¶ 1 PROOF that inadequate, even childish measures may serve to rescue one from peril:To protect himself from the Sirens Ulysses stopped his ears with wax and had himself bound to the mast of his ship. Naturally any and every traveler before him could have done the same, except those whom the Sirens allured even from a great distance; but it was known to all the world that such things were of no help whatever. The song of the Sirens could pierce through everything, and the longing of those they seduced would have broken far stronger bonds than chains and masts. But Ulysses did not think of that,although he had probably heard of it. He trusted absolutely to his handful of wax and his fathom of chain, and in innocent elation over his little stratagem sailed out to meet the Sirens.
¶ 2 Now the Sirens have a still more fatal weapon than their song, namely their silence.And though admittedly such a thing has never happened, still it is conceivable that someone might possibly have escaped from their singing; but from their silence certainlynever. Against the feeling of having triumphed over them by one’s own strength, and theconsequent exaltation that bears down everything before it, no earthly powers can resist.
¶ 3 And when Ulysses approached them the potent songstresses actually did not sing,whether because they thought that this enemy could be vanquished only by their silence,or because the look of bliss on the face of Ulysses, who was thinking of nothing but his wax and his chains, made them forget their singing.
¶ 4 But Ulysses, if one may so express it, did not hear their silence; he thought they were singing and that he alone did not hear them. For a fleeting moment he saw their throats rising and falling, their breasts lifting, their eyes filled with tears, their lips half-parted, but believed that these were accompaniments to the airs which died unheard around him. Soon, however, all this faded from his sight as he fixed his gaze on the distance, the Sirens literally vanished before his resolution, and at the very moment when they were nearest to him he knew of them no longer.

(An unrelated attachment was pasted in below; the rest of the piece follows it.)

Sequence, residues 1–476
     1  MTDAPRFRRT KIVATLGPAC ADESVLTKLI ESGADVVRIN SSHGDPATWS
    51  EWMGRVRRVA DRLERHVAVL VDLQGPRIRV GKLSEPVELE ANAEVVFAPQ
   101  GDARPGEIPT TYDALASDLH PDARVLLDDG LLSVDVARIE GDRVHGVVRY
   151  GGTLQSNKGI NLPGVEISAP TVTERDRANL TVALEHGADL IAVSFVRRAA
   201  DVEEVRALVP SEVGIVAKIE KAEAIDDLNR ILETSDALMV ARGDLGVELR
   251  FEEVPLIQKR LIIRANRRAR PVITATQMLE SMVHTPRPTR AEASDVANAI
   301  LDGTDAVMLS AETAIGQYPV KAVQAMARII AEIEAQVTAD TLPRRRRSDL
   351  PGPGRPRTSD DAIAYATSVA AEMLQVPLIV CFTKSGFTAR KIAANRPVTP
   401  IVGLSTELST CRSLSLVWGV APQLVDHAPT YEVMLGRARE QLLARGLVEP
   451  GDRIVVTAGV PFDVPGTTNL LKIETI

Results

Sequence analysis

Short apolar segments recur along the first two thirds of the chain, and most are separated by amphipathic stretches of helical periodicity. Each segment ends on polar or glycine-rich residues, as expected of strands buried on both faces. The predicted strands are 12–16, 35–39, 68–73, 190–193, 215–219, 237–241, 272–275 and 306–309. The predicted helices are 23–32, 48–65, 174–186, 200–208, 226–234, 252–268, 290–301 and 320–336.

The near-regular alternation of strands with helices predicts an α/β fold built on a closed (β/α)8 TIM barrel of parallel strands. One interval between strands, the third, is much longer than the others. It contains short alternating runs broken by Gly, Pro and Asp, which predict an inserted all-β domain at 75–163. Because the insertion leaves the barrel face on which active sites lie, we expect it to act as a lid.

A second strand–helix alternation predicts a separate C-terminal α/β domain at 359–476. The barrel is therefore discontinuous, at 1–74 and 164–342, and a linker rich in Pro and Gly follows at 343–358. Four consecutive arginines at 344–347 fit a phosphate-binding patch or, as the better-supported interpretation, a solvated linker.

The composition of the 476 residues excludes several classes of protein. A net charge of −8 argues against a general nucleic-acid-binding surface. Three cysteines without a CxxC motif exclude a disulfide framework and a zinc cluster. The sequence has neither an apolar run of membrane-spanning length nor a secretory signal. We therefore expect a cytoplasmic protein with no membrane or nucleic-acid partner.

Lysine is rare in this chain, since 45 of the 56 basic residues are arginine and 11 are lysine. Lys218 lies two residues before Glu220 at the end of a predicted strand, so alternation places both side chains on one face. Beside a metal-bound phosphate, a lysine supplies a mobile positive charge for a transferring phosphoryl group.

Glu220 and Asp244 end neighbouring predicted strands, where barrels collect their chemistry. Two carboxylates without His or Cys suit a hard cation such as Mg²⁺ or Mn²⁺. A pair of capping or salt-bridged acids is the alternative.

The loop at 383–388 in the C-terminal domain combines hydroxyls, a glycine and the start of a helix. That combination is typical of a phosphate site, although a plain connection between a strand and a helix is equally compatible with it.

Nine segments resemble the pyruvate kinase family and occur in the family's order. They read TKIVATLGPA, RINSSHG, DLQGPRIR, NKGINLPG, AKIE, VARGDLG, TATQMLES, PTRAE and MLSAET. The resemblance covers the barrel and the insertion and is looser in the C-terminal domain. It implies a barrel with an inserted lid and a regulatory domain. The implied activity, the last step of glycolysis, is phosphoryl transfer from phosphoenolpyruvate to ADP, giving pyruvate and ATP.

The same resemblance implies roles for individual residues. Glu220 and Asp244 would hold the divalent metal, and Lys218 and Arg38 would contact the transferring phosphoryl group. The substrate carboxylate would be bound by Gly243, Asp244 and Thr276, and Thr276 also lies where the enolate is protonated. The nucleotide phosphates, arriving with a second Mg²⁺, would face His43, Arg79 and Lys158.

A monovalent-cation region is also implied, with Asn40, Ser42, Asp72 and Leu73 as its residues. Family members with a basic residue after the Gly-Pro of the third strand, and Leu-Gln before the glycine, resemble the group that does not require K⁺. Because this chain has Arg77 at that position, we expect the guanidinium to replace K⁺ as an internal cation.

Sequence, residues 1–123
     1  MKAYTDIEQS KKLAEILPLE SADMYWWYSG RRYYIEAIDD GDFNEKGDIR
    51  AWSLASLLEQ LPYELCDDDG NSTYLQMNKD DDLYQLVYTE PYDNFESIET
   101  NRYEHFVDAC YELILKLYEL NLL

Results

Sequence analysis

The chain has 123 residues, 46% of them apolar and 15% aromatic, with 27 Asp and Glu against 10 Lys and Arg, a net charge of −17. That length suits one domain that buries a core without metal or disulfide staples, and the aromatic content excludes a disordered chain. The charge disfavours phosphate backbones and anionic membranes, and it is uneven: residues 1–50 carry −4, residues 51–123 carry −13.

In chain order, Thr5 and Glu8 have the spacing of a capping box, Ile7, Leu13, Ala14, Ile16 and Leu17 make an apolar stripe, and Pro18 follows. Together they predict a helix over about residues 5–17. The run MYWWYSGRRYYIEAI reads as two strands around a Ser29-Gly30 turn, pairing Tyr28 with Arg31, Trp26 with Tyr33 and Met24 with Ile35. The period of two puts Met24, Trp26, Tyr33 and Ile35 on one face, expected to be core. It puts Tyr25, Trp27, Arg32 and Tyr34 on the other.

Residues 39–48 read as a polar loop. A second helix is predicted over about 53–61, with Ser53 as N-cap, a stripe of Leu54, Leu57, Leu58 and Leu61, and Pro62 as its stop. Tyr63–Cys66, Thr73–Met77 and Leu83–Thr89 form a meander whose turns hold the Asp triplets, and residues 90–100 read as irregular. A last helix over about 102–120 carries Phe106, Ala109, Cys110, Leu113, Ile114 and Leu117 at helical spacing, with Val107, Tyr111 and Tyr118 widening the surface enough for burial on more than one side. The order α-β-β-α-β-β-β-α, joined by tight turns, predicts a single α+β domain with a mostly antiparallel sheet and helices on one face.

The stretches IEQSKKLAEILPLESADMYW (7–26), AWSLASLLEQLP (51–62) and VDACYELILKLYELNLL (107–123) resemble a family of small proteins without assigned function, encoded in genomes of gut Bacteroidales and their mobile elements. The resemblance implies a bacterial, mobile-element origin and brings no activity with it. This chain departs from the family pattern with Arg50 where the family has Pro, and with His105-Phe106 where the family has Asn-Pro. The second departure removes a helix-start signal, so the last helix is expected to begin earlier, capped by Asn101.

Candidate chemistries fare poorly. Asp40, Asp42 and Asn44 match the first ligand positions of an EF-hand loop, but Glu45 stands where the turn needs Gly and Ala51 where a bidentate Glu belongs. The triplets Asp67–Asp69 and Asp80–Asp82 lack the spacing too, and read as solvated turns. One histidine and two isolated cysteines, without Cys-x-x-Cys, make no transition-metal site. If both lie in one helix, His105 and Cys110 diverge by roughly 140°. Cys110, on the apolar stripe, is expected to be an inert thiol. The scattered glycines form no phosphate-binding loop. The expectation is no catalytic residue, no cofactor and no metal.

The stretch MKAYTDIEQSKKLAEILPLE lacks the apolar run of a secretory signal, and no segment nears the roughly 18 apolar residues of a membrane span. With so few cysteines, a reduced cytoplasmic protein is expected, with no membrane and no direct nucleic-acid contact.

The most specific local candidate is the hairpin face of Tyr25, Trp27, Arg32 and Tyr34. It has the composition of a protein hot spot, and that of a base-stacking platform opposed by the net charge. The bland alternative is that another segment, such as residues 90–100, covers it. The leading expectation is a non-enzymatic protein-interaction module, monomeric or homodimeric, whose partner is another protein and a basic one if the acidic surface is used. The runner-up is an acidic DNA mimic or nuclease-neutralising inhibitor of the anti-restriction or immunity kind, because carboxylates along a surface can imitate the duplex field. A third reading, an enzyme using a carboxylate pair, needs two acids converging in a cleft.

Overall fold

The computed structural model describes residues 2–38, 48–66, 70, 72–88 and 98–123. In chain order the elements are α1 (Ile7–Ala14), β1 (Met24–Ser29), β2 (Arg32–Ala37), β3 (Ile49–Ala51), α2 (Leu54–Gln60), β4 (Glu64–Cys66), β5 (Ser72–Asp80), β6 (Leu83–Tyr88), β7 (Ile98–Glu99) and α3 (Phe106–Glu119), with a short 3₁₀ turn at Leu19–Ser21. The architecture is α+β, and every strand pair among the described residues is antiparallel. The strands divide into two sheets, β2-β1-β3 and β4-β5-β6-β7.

¶ 5 But they — lovelier than ever — stretched their necks and turned, let their awesome hair flutter free in the wind, and freely stretched their claws on the rocks. They no longer had any desire to allure; all that they wanted was to hold as long as they could the radiance that fell from Ulysses’ great eyes.
¶ 6 If the Sirens had possessed consciousness they would have been annihilated at that moment. But they remained as they had been; all that had happened was that Ulysses had escaped them.
¶ 7 A codicil to the foregoing has also been handed down. Ulysses, it is said, was so full of guile, was such a fox, that not even the goddess of fate could pierce his armor.Perhaps he had really noticed, although here the human understanding is beyond its depths, that the Sirens were silent, and held up to them and to the gods the aforementioned pretense merely as a sort of shield.